4 years have passed already since an earthquake of magnitude 9.0 on Ritcher scale hit the Japanese East coast, damaging severely in the area around Fukushima. The 11th of March of 2011, Fukushima made all us remember something that the world pretended to have forgotten: nuclear energy is dangerous and no matter how many precautions are taken, everything can’t be predicted, and accidents finally happen. There is no excuse this time, can’t be said that the accident happened because the URSS government operate it or blame everything to thel socialist system. Instead, ironically, it happened because of a natural phenomenon and external to the nuclear plant, in a country known for its leadership in the technology sector. One hour later approximately, a tsunami hit the cost, driving the situation into a tragedy.



The slopped water contained light radionuclides such as Iodine, that emits radioactivity for a period of 160 days, and cesium, that is radiotoxic for none other than 120 years. The content of radioactive iodine in the surroundings water was sometimes above 7,5 million times superior to the legal limit and 1,1 million times above the cesium limits. The quantity of atmospheric cesium that has been transported through the ocean and the air it’s still a unknown factor but potentially bigger.


The radioactive slop to the sea constitutes a serious and unprecedented fact that introduces a new variable to this kind of accidents. The contamination will affect the marine ecosystems and it’s very difficult to evaluate its effect due to the non-existence of precedents. They are also scarce the studies that evaluate the effects of radioactivity in living beings, and in particular, in fish and algae. However, what we already know is the capacity that fishes have to mutate, therefore the marine flora and fauna will be severely affected. The extension of the contamination will depend of the distribution of the marine currents around the area but it will probably affect a hundred square kilometers. It must be beard in mind the fact that fish banks move, spreading the radioactivity to a further area, far away from the ground zero. It has also to be taken into account the effect of accumulation of contamination in the trophic chain. It has been already detected fishing species with 240 times a higher content than the legal limit. Big fishes eat not only one small fish, but plenty, and each of them containing its radioactive apportion. Which lead the individuals that are in the higher positions of the trophic chain, to accumulate the higher levels of radioactivity. And we can’t forget that at the end of this chain is the human species. A human being who is devoted to carry off everything that crosses along his way or chops on his hook. A human being that pays ridiculously high sums for a kilo of tuna or for a shark fin soup, not knowing that the only thing that they are winning by eating these animals is an extremely high dose of heavy metals, as well as contributing to the destruction of the marine ecosystem.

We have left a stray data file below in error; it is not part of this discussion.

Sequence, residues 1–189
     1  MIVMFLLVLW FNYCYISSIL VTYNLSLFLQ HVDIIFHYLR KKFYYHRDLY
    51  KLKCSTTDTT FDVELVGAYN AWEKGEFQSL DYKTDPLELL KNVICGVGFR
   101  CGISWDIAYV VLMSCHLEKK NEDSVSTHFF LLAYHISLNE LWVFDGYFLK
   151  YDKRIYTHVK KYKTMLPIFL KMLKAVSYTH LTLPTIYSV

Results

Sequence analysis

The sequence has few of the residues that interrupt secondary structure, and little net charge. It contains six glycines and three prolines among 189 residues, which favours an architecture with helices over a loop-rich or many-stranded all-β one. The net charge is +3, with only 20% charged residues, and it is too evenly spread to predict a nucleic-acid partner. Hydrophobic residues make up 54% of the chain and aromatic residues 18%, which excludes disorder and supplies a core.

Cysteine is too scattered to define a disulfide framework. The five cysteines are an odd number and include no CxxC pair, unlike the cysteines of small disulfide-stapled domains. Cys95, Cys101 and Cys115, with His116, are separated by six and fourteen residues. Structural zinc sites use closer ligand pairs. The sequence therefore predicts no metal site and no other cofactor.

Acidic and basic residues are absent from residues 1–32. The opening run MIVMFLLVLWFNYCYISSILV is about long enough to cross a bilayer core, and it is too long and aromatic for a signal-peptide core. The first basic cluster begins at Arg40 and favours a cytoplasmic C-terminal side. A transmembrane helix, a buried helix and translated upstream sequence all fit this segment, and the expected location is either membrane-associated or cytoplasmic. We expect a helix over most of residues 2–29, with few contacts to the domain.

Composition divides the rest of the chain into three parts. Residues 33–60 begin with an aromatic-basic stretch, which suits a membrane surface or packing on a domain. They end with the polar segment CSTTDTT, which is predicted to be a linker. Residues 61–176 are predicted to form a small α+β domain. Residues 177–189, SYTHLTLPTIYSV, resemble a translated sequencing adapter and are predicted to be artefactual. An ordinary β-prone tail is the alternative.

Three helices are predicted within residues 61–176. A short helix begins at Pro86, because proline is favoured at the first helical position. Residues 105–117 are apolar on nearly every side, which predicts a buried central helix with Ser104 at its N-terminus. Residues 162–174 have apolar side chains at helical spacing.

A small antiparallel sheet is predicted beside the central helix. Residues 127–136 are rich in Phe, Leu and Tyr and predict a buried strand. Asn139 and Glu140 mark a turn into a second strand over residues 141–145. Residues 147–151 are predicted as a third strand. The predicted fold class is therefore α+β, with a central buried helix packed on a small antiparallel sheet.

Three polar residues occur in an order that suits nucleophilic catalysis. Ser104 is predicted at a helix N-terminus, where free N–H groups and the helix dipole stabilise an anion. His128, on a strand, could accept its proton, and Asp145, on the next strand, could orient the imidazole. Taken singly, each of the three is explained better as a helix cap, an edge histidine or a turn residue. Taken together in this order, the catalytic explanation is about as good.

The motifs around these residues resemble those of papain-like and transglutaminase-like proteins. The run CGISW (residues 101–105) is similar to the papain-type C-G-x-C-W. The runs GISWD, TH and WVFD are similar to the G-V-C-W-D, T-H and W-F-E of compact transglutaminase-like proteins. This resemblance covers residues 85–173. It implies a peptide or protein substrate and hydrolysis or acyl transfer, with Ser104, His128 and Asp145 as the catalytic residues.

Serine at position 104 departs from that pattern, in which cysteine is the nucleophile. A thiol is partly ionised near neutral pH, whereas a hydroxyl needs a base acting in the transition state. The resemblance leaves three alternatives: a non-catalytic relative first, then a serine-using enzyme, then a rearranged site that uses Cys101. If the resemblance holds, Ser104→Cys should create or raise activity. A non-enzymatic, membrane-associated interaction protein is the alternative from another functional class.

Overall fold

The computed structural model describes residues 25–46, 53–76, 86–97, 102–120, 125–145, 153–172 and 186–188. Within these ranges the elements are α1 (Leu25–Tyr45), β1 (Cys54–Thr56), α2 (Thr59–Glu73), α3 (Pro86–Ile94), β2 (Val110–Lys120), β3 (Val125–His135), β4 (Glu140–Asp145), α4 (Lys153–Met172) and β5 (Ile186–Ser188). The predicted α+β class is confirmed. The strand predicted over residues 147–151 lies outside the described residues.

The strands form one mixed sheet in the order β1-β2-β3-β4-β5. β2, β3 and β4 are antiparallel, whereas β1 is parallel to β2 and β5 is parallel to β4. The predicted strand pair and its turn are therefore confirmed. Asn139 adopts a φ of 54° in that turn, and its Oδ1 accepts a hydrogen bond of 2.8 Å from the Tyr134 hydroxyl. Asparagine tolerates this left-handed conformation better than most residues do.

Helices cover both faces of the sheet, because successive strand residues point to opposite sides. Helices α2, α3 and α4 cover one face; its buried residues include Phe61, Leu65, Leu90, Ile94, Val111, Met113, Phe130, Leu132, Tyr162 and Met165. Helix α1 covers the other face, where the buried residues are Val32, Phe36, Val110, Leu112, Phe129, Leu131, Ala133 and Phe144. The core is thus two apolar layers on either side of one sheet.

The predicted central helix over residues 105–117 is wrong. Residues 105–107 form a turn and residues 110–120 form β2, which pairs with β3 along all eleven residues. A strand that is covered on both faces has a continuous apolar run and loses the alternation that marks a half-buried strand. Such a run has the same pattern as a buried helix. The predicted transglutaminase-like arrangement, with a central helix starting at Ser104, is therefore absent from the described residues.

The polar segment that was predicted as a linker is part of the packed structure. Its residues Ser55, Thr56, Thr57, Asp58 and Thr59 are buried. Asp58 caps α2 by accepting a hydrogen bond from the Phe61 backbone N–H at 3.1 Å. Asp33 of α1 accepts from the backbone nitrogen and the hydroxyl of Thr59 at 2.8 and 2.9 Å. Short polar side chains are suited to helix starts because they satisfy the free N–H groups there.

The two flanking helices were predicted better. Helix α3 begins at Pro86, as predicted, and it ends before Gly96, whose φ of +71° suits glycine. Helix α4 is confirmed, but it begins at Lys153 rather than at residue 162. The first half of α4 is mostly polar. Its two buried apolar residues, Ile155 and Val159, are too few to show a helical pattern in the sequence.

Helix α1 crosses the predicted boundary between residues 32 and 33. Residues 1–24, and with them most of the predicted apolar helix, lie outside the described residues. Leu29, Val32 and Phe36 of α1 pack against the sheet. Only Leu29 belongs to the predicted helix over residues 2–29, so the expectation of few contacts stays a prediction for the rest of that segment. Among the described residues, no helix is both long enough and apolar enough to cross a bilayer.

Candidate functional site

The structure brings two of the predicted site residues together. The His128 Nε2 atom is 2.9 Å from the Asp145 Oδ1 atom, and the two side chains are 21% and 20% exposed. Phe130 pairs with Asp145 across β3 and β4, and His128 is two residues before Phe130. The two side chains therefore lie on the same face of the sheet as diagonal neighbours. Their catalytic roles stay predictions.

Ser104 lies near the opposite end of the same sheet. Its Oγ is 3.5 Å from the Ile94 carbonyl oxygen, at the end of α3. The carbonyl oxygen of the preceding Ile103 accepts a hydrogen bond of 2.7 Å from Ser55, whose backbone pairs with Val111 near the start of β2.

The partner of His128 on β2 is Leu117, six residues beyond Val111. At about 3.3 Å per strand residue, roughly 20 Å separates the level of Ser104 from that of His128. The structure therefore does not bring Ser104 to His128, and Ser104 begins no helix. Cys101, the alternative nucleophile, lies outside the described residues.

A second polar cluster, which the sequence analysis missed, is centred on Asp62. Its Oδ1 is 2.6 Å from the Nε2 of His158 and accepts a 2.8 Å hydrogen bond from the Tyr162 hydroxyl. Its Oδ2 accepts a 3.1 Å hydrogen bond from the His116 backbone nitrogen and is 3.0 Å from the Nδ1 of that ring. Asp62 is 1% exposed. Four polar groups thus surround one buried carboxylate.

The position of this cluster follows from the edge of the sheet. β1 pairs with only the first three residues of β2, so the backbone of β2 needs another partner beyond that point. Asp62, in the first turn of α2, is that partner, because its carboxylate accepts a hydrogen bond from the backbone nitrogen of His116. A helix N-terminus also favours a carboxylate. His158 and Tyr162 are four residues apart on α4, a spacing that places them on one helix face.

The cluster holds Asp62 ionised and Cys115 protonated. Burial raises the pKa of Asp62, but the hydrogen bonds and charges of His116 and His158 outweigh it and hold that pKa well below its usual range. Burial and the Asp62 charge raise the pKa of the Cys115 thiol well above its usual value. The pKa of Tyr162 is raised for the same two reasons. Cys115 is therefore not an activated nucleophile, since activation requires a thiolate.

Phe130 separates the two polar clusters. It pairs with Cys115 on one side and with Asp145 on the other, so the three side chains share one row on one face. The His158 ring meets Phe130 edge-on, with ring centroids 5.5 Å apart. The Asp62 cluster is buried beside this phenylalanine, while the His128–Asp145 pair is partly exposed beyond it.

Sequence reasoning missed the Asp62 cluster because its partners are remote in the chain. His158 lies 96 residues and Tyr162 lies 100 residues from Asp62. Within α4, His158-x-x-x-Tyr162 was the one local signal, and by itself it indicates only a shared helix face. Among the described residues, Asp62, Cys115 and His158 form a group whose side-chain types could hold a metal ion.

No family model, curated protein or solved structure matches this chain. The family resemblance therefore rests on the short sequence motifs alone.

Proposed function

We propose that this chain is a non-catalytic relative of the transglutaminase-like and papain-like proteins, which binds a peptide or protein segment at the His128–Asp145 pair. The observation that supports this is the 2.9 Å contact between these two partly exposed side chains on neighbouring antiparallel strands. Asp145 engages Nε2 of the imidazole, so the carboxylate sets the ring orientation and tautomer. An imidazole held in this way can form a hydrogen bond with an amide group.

The 4 reactors of the Fukushimas’ II central suffered important damages and the tsunami enabled the use of both the primary circuit of refrigeration and the emergency systems. The heat of the reactor was really high due to the radioactivity of the fuel, and was essential to cool it down to avoid the fusion of the nucleus and its spread outside. The solution adopted was to spread the reactors with large amounts of sea water. During long 11 months. Tepco company, in the beginning of April of the same year started to slop voluntarily 11.5000 tons of contaminated water because of the need to shelter water from the interior of the reactors that was even more contaminated.